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Temporal range: early Pleistocene–Present
Royal Bengal Tiger at Kanha National Park.jpg
A Bengal tiger (P. t. tigris) at Kanha National Park, India, Continental Asia
Conservation status
Scientific classification e
P. tigris
Binomial name
Panthera tigris
(Linnaeus, 1758)
Tiger map.jpg
Tiger's historic range in about 1850 (pale yellow) and in 2006 (in green).[2]
Felis tigris Linnaeus, 1758[3]

Tigris striatus Severtzov, 1858

Tigris regalis Gray, 1867
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White Tigers in the Singapore Zoological Gardens
The tiger (Panthera tigris) is the largest living member of the cat family, the Felidae. It feeds by hunting. It lives in Asia, mainly India, Bhutan, China, Korea and Siberian Russia.[4] Tigers are solitary animals.


Tigers have orange fur with black stripes, and a white belly. The black stripes usually extend to the white underside. The stripes are used to keep them camouflaged while hunting. Usually, no two tigers have the same pattern of stripes.[5]

There are tigers with different colors. There are sometimes white tigers that have white fur with black stripes, or that even have pure white fur. They have orange or red eyes. Most Bengal tigers have orange fur. The white coat only appears once in every 100,000,000 births. The Bengal tiger is the national animal of Bangladesh and India.

Tigers vary in size depending on their subspecies. Siberian tigers are the largest. Males can grow to at least 9 feet (2.7 metres) long (body length) and weigh about 900 lb (410 kg). Females are a bit smaller. Record weight for males is claimed as 890 lbs (318 kg), but this cannot be confirmed.

Where they live

Tigers can live in a variety of habitats. Mostly they need to hide, to be near a water source, and have enough prey to eat. Tigers are solitary and they all control large amounts of territory, the size of which depends on the availability of food and prey.[6] According to Tigers-World, a male tiger may live and hunt in an area of 60 to 100 square kilometers (23 to 39 square miles). A female tiger may have 20 square kilometers (8 square miles).[7] According to the United States Fish and Wildlife Service, a single tiger can live in a territory as small as 21 square kilometers (8 square miles) to as large as 995 square kilometers (385 square miles).[8] Bengal tigers in particular live in many types of forests. These include the wet, evergreen of Assam and eastern Bengal; the swampy mangrove forest of the Ganges Delta; the deciduous forest of Nepal, and the thorn forests of the Western Ghats.


As previously thought, the tiger had five living subspecies. In this context, 'recently' means in the last two centuries. Three tiger subspecies are extinct (†).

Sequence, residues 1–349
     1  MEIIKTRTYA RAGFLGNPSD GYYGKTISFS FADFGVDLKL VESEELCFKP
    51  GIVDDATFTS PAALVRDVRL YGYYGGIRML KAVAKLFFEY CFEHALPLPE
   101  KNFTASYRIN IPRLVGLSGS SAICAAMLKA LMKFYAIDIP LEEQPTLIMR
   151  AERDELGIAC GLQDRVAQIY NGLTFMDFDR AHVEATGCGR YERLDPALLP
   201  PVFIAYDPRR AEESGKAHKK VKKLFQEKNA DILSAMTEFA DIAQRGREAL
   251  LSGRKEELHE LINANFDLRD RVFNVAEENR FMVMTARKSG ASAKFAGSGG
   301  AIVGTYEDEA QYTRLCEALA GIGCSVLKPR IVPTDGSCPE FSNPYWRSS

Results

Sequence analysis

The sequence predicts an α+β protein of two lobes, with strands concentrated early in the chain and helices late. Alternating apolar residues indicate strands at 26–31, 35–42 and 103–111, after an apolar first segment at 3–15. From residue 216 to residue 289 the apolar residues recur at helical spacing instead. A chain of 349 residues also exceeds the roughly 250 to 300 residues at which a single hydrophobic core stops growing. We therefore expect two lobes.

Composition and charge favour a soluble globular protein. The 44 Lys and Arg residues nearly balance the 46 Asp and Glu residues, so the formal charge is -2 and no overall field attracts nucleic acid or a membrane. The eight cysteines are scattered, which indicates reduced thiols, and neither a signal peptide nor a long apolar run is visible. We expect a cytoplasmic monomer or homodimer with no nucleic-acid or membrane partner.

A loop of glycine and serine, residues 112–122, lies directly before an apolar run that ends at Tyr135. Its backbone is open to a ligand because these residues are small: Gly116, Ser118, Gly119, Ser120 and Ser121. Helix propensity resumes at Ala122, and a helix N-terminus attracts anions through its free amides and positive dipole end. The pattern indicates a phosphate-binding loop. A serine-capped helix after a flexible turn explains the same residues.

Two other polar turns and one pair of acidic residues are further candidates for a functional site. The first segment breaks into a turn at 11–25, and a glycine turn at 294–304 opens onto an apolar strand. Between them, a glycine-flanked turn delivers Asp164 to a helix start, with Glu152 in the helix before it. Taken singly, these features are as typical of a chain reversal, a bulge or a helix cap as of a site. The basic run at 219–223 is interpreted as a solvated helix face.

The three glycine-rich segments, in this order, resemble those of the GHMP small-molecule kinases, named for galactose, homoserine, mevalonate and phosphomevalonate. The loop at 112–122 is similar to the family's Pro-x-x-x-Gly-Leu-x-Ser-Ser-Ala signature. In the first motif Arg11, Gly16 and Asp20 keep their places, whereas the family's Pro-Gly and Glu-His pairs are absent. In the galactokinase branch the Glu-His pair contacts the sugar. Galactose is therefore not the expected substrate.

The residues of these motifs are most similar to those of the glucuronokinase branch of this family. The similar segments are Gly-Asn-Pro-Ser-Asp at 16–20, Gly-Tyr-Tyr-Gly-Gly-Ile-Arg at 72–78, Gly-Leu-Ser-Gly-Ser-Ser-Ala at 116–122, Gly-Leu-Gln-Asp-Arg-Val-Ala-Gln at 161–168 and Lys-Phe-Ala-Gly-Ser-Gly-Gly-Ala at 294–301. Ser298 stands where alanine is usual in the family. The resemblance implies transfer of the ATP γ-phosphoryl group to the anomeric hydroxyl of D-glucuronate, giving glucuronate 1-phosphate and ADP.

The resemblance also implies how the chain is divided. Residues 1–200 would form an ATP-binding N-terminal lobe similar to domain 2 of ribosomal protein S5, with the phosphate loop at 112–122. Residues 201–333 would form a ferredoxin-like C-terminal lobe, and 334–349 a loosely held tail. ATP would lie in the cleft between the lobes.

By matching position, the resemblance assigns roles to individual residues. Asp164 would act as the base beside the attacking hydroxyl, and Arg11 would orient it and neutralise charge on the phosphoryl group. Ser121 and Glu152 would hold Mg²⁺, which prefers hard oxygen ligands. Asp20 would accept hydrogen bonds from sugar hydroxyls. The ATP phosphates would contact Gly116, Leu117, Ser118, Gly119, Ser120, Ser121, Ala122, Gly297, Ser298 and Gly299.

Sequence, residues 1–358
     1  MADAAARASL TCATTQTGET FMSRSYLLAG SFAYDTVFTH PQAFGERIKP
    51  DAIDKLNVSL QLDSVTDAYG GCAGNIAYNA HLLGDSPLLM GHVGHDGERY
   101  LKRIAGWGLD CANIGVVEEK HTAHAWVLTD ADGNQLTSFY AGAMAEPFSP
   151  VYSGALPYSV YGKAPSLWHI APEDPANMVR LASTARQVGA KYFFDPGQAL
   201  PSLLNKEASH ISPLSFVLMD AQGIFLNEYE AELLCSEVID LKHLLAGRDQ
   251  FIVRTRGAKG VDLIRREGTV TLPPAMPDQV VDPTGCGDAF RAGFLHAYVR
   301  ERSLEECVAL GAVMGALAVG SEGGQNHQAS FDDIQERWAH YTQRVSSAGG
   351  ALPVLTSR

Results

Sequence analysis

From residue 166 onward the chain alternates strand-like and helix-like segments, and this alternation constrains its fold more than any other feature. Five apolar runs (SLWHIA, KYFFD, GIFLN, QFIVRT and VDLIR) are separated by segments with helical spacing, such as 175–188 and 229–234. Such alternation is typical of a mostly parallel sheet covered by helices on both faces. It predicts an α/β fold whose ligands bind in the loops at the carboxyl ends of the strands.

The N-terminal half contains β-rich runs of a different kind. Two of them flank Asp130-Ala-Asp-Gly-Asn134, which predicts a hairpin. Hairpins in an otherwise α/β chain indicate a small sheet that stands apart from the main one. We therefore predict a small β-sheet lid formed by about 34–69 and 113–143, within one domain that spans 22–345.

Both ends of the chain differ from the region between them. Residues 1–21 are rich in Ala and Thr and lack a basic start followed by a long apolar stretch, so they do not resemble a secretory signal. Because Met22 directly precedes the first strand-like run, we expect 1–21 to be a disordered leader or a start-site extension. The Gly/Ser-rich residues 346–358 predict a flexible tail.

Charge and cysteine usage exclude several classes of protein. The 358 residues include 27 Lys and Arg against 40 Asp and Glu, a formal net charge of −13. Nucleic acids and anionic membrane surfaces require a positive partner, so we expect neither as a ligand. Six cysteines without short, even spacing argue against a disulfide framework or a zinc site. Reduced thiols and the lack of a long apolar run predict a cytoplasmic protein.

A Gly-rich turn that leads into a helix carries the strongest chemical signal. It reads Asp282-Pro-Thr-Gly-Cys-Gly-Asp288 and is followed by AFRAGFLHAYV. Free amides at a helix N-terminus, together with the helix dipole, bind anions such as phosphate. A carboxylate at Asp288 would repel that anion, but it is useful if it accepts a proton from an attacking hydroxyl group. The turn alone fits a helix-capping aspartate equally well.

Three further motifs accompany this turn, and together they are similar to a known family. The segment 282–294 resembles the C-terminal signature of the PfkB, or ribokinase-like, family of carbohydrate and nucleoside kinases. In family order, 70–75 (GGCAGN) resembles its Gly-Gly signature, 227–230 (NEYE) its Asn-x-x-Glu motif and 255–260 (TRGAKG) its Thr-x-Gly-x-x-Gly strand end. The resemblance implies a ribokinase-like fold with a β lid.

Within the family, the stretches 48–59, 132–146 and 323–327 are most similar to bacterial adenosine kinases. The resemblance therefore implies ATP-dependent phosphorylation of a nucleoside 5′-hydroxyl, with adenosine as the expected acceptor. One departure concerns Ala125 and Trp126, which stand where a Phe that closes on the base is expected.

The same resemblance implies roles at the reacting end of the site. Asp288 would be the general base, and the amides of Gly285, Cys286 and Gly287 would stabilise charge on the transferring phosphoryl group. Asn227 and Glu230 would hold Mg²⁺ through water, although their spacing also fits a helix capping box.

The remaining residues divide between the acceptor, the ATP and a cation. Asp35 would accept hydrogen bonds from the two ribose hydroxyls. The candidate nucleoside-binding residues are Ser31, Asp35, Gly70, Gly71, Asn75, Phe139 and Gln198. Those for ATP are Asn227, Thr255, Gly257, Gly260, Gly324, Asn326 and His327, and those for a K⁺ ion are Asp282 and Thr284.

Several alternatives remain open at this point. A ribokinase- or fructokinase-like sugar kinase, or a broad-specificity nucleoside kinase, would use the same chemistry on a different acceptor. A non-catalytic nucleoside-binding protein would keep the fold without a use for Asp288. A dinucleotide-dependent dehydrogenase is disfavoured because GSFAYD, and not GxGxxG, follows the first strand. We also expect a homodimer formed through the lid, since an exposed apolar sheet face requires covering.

However, in 2017, the Cat Classification Task Force of the IUCN Cat Specialist Group revised felid taxonomy and recognized the tiger populations in continental Asia as P. t. tigris, and those in the Sunda Islands as P. t. sondaica.[9]

Chinese Tigers and Chinese humans

Chinese Tigers are becoming rare, because people hunt them for their silk coat skin and destroy the habitats they live in. The Bengal tiger has the largest population with 3,500 left in the wild. To help keep the tiger population, tigers are often placed in zoos.

Chinese tigers have been used for centuries in traditional Chinese medicine. Body parts such as their whiskers and bones are used to treat things such as toothaches, malaria, and burns.[10]


Tigers eat many types of prey, mostly other large mammals. Some examples are deer, monkeys, wild rabbits, wild pigs, tapirs, buffalo and other animals found in Asia.[11] All

(meat eaters). Some tigers may eat up to 50 pounds (23 kilograms) of meat a day. Tigers kill their prey by clamping down on the prey's throat and suffocating it.[12]


  1. Goodrich, J.; Lynam, A.; Miquelle, D.; Wibisono, H.; Kawanishi, K.; Pattanavibool, A.; Htun, S.; Tempa, T. et al. (2015). "Panthera tigris". The IUCN Red List of Threatened Species (IUCN) 2015: e.T15955A50659951. doi:10.2305/IUCN.UK.2015-2.RLTS.T15955A50659951.en . Retrieved 15 January 2018. 
  2. Dinerstein, E.; Loucks, C.; Wikramanayake, E.; Ginsberg, Jo.; Sanderson, E.; Seidensticker, J.; Forrest, J.; Bryja, G. et al. (2007). "The Fate of Wild Tigers". BioScience 57 (6): 508–514. doi:10.1641/B570608 . Archived from the original on 25 April 2012. 
  3. Linnaeus, C. (1758). "Felis tigris". Caroli Linnæi Systema naturæ per regna tria naturæ, secundum classes, ordines, genera, species, cum characteribus, differentiis, synonymis, locis. Tomus I (decima, reformata ed.). Holmiae: Laurentius Salvius. p. 41.  (in Latin)
  4. "The habitats of the Bengal tiger in Asia". Retrieved June 6, 2015. 
  5. "Information about tigers". British Broadcasting Corporation. Retrieved May 27, 2012. 
  6. "Tigers: The Largest Cats in the World | Live Science". 
  7. "Tiger Distribution and Habitat". Tigers-World. January 16, 2014. Retrieved April 30, 2021. 
  8. "World Without Borders: Tiger Conservation Program". United States Fish and Wildlife Service. Retrieved April 30, 2021. 
  9. Kitchener A.C. & others (2017). "A revised taxonomy of the Felidae: The final report of the Cat Classification Task Force of the IUCN Cat Specialist Group". Cat News (Special Issue 11): 66−68. 
  10. "Shibboleth Authentication Request". 
  11. Ramesh, T.; Snehalatha, V.; Sankar, K.; Qureshi, Q. (2009). "Food habits and prey selection of tiger and leopard in Mudumalai Tiger Reserve, Tamil Nadu, India". Journal of Scientific Transactions in Environment and Technovation 2 (3): 170–181. doi:10.20894/stet. . 
  12. Schaller G. 1984. The deer and the tiger: a study of wildlife in India. University Of Chicago Press.

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